Andrew Mangino: Bestirring a Movement, Ben Franklin-Style
Andrew Mangino and Benjamin Franklin could have been best friends. They each got their start in journalism, explored a bit of politics, and became change makers in their own communities.
Franklin helped create America. Mangino helped create The Future Project, a movement aimed at bringing education alive in what he considers the broken ecosystem of our schools, where potential gets locked up in bureaucracy and hopelessness.
The Future Project, based in New York City, takes a group of carefully selected “Dream Directors,” usually bright, motivated young men and women from the community, and brings them right into the schools to “fire people up” and get them thinking about their ideas, their plans, their sense of purpose.
The goal is not to point out the shortcomings of teachers and the curriculum, according to Mangino, but to help students choose the narratives of their own lives. They are ready and equipped to serve, he says—they just need to be pushed to their limits.
In Franklinesque fashion, The Future Project tries to have a little fun with the movement. “We found in the world of transformational education that a sense of humor in missing,” Mangino says. “Young people are full of such wonderful imagination and laughter. School should be a place where people are laughing and having fun and engaging their whims.”
The Future Project helps students gather up the energy that falls through the cracks of a typical school day and harness it into projects that have immediate currency in their own lives: reducing violence among youth, raising the self-esteem of middle school girls, writing rap music without curse words, and transforming their schools through art.
“We are very much out to change culture, to show entire schools that everything they’ve always wanted they already have, to challenge people to channel small actions into bigger actions and demonstrate to the world and to yourself what lies within you,” he says.
Mangino, recently named to the Forbes “30 Under 30” list of social entrepreneurs, was inspired to cofound The Future Project after reading Walter Isaacson’s biography of Franklin, who rallied the resources and talents of his own generation to build a new nation.
“The character of the Dream Director is very much inspired by the character of Ben Franklin,” Mangino explains. “He had this way of straddling the line between idealism and pragmatism. He had a crazy big dream for his community, Philadelphia, and ultimately, the whole country. t the same time, he was a sensible pragmatist who could figure out how to get from here to there.”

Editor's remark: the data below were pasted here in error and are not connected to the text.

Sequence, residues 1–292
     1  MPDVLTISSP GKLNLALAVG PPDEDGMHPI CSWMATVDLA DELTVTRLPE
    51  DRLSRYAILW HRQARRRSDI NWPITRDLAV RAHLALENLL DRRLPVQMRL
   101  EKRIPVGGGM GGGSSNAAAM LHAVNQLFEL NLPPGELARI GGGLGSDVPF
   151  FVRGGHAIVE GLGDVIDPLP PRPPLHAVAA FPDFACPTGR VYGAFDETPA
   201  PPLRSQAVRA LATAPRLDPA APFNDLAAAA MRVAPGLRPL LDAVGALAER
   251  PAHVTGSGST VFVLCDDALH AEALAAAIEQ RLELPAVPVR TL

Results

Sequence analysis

Mangino, like Franklin, made his initial public splash in the newspaper business. He had his own crazy big dream at the age of five, when he started his first newspaper, reporting “hard-hitting news” about things happening around his block. Eventually, he became the game-changing editor-in-chief of his high school newspaper, and then in college, of the Yale Daily News.
Reporting for The Yale Daily News exposed Mangino to some of the educational problems facing the surrounding community of New Haven, Conn., where he encountered the same apathy and disengagement he had witnessed in his own high school. Later, he spent some time as a blogger and speechwriter in D.C. and realized that politics was “just a means of achieving something larger, of re-electrifying America and instilling a sense of possibility.”
Mangino has now circled his way back to the place where he feels a personal sense of urgency to make change: in the schools. He insists that the future is bright, and that good things will happen in our educational system if we act now.
Benjamin Franklin never waited to put something crucial in motion when he saw what his community needed. Whether it was a fire department, a library, or some homespun wisdom from Poor Richard—he showed people how they could make their lives better today. You may delay, he quipped, but time will not.
At The Future Project, Mangino is of the same mindset: “Everything happens now. That’s one of our core messages. Start it today. That message, weirdly enough, is not present in our society right now.”